To demystify mindfulness: that is the purpose of this post. Mindfulness is not some exotic practice that only a few enlightened individuals manage to do and in doing so save themselves from the miseries of life. It is not religion; it is not even spirituality. There is nothing mysterious or unattainable about it.
What I refer to as mindfulness here is the quality of being open and at ease while consciously paying attention to the present moment. There is an enormous body of knowledge and a great history attached to this. However, it is my belief that we can all, fully consciously, choose to practice it in our day to day, without necessarily devaluing its depth or, more importantly, turning it into yet another product that we consume in our quest for happiness.
Mindfulness is for everyone, and the capacity for mindfulness is inside everyone. There is a fascinating emerging area of research around this: mindfulness is a function of our brains. And the good news starts with simply knowing this! And knowing that we can choose to exercise this function, every day, and that by doing so, we slowly strengthen the neural circuitry in our brains that supports us to live a life of what I call ‘conscious quality’.
When we are directly experiencing the present moment, being curious about it and not interpreting it (in other words, not adding our own voice-over to it!), our bodies relax and our brains activate the circuits that gather “live data”, which is much richer than the data (or noise!) we are dealing with when we are being mindless. And by mindless I mean being stuck in stories, abstract concepts, the past, the future, and therefore usually experiencing – however subtle – a sense of threat, tension or stress in our system. Our perception deepens and expands when we are being mindful, and we notice much more of what is going on internally, externally, and with others. There are other well-publicised benefits of mindfulness apart from reduced stress levels, such as increased capacity for emotional self-regulation and sharper focus.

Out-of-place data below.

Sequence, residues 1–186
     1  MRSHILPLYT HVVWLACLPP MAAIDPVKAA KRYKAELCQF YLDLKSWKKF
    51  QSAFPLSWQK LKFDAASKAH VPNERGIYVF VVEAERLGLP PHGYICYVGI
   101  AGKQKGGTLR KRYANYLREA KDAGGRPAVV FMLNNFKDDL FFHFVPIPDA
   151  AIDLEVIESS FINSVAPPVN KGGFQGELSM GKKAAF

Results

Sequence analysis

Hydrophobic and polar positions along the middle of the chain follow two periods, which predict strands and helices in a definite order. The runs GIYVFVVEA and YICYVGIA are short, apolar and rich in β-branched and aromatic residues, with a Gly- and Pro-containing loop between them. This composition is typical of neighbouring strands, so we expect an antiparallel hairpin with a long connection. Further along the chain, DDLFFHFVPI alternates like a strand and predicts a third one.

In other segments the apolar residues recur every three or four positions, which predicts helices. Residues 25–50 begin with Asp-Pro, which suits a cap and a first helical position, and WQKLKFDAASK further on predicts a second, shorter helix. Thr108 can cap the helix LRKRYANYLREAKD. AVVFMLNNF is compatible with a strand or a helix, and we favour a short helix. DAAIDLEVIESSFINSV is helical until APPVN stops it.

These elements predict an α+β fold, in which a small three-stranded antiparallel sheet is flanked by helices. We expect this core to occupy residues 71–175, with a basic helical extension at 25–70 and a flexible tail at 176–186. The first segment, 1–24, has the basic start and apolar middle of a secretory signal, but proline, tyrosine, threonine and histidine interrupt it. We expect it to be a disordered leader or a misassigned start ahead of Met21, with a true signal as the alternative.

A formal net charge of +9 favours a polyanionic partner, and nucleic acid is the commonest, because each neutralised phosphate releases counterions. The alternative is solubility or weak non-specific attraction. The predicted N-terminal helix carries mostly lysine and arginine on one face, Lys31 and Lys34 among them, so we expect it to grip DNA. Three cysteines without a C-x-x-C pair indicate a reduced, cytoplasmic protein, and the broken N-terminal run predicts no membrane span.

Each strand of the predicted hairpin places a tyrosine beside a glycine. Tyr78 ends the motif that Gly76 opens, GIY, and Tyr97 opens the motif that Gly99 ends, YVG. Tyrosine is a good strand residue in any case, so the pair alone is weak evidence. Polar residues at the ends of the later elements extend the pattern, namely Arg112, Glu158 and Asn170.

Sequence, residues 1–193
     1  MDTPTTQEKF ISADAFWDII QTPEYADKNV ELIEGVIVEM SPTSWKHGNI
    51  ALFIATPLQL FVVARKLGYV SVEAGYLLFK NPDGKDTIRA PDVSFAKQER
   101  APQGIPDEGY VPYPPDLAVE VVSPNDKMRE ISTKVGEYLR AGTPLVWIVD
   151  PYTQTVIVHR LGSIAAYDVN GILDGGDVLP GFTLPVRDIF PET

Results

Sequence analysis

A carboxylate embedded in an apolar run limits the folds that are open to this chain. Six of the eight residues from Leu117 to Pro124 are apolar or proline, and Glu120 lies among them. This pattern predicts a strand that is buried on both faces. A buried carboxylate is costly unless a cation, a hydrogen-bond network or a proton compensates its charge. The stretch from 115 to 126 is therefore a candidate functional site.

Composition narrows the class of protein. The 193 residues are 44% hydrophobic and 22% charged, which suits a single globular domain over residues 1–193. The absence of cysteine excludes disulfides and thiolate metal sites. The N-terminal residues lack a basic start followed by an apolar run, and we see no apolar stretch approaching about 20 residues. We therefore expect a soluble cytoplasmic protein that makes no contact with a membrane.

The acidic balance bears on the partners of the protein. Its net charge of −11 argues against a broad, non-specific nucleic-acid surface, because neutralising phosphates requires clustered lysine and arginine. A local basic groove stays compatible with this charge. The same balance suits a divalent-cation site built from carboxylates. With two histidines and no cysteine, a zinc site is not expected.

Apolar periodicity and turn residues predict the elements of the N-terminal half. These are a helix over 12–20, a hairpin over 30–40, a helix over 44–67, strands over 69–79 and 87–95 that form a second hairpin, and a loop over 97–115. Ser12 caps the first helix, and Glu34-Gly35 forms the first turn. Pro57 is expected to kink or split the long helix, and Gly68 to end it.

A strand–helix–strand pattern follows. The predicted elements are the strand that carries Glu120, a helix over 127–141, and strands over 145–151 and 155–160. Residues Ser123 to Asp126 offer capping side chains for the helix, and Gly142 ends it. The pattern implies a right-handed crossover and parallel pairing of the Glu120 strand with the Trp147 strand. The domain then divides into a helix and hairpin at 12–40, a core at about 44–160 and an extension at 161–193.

These positive outcomes are increasingly forming part of successful leadership programmes. But everyone will benefit from being able to function more optimally and in a more interconnected manner in our changing world. We practice making our brains more adaptive, more able to choose what is truly right for us, and we become less reactive to the world. We develop a deeper connection to our core.
So what is key here? It really boils down to being able to switch between the ‘story’ and what is happening now: thoughts, feelings, sensations… It is a practice. If you can take a small step back from your life situations, over and over, then you can notice where you are and switch your attention to the present moment. If this is important for you, then you will find yourself doing it more and more, until it becomes the way you live… There will come a day when you will notice how much less noise there is in your head! And how much more space there is for what truly matters to you. There will be more clarity and less drama. There will be so much more to living.
Coaching itself is a practice of mindfulness. During coaching conversations, ideally both client and coach find themselves in a state of mindfulness – and the coach’s skill and tone play a key part in creating this space and bringing the client to the present moment. This is the safe place we all look for when exploring ourselves – a soft, non-threatening, open place of curiosity. This is the place where insights happen and next steps come effortlessly – a ‘relaxed mind sees the solutions’.
This is, ultimately, where we find the compassion we need to continue believing in ourselves, in others, in life. It is where we renew our contract with the joy of living.